My name is John and I'm an aspiring Appalachian Trail thru-hiker. I love travel and meeting new people. I got kicked out of my 8th grade spelling bee during the practice round for misspelling the word "dangerous". I broke my ankle after falling off of a bunk bed. I have tinnitus and my ears turn red when I get nervous, these are unrelated. If you're thinking to yourself, "John is getting a little too personal for the biographical portion of a wordpress account.", you should see me on job interviews and tinder dates.
If you follow the paths that I lay out for you below, be prepared to experience incredible moments that are unique to the home of the blues. You will have the chance to watch a heard of American Bison roam, experience the vastness of a 32-story glass pyramid, and enjoy the rambling surge of the south’s most prolific trade river. I hope you enjoy the hidden gems of Memphis as well as the opportunities to re-wild yourself that they provide.
I fought it hard. I couldn’t imagine living in a world in which I got off trail for any reason other than a severe injury or a family emergency. I had, after all, put YEARS of planning and hundreds, if not thousands, of dollars into this venture. Didn’t I have a right to live my dream. Besides, they were asking us to self-isolate, I was in the woods, wasn’t I? I was as isolated as I could be.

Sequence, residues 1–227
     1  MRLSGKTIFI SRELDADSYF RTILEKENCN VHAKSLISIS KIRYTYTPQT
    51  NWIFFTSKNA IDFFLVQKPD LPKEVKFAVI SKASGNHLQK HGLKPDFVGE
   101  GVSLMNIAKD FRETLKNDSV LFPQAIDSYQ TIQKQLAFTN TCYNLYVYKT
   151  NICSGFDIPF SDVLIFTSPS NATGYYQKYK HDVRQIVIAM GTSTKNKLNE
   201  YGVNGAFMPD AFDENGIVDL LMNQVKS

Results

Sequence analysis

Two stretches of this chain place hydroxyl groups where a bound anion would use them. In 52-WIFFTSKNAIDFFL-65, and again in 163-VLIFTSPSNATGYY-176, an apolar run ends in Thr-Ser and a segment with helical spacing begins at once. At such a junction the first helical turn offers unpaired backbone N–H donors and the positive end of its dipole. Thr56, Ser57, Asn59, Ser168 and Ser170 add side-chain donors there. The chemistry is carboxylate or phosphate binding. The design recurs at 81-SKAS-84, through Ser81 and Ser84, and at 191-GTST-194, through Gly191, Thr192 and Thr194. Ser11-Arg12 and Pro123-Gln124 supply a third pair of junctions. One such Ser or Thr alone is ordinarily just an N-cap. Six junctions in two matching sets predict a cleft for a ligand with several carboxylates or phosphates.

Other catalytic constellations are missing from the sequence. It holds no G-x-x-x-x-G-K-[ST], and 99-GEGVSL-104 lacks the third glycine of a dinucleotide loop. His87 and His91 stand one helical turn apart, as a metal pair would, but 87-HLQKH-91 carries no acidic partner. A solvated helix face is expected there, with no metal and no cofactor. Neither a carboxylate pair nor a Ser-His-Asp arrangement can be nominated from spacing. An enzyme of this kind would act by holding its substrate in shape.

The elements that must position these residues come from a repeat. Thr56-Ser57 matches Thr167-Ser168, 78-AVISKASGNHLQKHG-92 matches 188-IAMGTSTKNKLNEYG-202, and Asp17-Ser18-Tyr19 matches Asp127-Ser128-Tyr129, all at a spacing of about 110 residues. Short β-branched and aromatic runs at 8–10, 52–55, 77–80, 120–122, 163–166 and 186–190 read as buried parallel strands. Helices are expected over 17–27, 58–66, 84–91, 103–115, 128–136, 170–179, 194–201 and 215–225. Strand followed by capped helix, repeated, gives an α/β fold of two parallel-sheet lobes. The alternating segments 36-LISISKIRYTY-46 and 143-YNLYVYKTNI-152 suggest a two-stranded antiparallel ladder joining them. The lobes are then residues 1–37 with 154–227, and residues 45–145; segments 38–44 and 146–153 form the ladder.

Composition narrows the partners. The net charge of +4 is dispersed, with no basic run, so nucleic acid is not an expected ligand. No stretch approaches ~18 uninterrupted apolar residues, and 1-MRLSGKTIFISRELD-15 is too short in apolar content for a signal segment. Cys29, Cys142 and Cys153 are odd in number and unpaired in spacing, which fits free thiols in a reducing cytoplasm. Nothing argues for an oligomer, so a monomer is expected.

Forgive me in advance for the poor formatting of this post and the ones to follow. Typing up a full blog post on an iPhone is less than
I refuse to think too hard about the what-if’s and the might-be's, but I don’t refuse to acknowledge their existence. There is also something very visceral and primitive about the unknown. There is a healthy fear of the shadows in the tall trees of the future, something that makes me conscious of my actions and aware of my surroundings.
Obviously, I want to finish a thru-hike. I’m not hopping on the trail all willy-nilly and just seeing what happens. I have a clear and defined goal for the next six or so months, but I feel that my goal and my intent don’t necessarily have to be the same thing.
I think it’s because stagnation has a different meaning for every person, and while the repetition of certain actions may be a defining feature for some people, stagnation has much more to do with the environment for me personally.
I’ll be the first to admit that I don’t get as much time on the trail, specifically the Appalachian Trail, as I would like. While I’m great at
"How to leave a well-paying job with full health benefits in order to practice homelessness in austere conditions." or "Why i'm hiking the Appalachian Trail in 2020."